HK drops in global survey of English proficiency | South China Morning Post
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  • Mar 5, 2015
  • Updated: 3:26am
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HK drops in global survey of English proficiency

PUBLISHED : Friday, 26 October, 2012, 12:00am
UPDATED : Friday, 26 October, 2012, 3:19am

Hongkongers' English language skills rank only 25th out of 54 non-English-speaking countries, losing to Asian competitors such as Japan and South Korea, in a survey by a language education company.

Education First described the result of its survey as "alarming", warning that Hong Kong could lose its edge as an international city after dropping 13 spots from the previous survey.

The poll does not measure English speaking skills, focusing instead on listening, reading and knowledge of grammar.

That might explain why the result seemed contradictory to some Hongkongers' experience in Japan, South Korea and other countries - where they could barely communicate with local residents in English, acknowledged Joe Chiu Sung-kei, country manager of Education First.

Hong Kong scored 53.65 points out of 100. The company arrived at the score by analysing online and written tests it offered from 2009 to last year.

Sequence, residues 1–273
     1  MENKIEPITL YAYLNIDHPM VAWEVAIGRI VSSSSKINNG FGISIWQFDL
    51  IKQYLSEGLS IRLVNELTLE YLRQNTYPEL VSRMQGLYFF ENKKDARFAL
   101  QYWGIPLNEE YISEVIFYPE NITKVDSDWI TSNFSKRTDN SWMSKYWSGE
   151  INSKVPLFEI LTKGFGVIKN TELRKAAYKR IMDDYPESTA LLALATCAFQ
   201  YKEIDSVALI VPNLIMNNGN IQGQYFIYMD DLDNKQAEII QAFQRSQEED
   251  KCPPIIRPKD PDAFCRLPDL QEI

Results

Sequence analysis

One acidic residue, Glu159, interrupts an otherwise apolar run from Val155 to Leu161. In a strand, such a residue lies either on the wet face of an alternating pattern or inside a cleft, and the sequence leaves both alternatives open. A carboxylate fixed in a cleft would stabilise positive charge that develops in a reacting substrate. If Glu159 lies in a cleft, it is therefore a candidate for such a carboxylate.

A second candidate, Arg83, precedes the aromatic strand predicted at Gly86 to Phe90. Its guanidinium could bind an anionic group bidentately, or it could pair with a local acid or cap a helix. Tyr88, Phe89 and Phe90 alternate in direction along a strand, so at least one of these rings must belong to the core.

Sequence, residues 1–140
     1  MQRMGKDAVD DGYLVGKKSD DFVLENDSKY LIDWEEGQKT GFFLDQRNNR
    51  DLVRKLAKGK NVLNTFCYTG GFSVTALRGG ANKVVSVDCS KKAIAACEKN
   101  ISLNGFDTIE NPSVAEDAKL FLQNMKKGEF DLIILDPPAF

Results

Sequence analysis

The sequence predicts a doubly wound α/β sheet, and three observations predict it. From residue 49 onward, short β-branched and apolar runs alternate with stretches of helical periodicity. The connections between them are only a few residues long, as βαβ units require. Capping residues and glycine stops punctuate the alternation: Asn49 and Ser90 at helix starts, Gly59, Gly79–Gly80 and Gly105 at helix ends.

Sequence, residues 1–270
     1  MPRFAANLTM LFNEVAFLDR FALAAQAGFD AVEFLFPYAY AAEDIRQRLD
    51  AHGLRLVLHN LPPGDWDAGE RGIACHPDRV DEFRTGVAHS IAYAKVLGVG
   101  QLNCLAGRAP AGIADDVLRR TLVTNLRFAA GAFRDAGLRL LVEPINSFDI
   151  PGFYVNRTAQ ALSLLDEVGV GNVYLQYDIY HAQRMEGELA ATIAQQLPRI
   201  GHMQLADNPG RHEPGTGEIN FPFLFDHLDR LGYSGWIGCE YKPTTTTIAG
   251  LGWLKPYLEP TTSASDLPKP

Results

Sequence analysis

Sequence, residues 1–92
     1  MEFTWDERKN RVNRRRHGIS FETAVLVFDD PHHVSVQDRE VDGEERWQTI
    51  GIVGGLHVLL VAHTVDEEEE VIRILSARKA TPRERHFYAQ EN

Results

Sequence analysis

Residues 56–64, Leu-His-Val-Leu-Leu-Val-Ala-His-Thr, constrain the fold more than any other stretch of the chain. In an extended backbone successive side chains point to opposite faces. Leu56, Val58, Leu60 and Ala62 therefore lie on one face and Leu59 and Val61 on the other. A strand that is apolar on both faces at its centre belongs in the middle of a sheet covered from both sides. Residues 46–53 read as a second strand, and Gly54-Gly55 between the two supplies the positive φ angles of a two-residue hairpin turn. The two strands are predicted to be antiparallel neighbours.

Sweden tops the list with 68.91 points, followed by Denmark with 67.96.

According to its promotional material, Education First operates 400 language schools in more than 50 countries.

Hongkongers' proficiency was described as "moderate" in the survey. It ranks seventh in Asia, losing out by five points to Singapore, which ranks first.

The other Asian countries that finished ahead of Hong Kong are Malaysia, India, Pakistan, South Korea and Japan. The mainland ranks 36th, second-last in Asia.

Chiu said some Hongkongers might have shifted their focus from learning English to Putonghua, causing their drop in rank.

Dr Cheung Chi-kim, a teaching consultant with the education faculty at the University of Hong Kong, said the city still had an edge because English remained compulsory in the local curriculum. But he noted a growing use of Chinese in both government administration and the entertainment industry, which might be responsible for less exposure to English.

"Some parents spend HK$40,000 on English teaching material for their children," he said. "But actually, they could just take them to see a film, and they would learn well from it."

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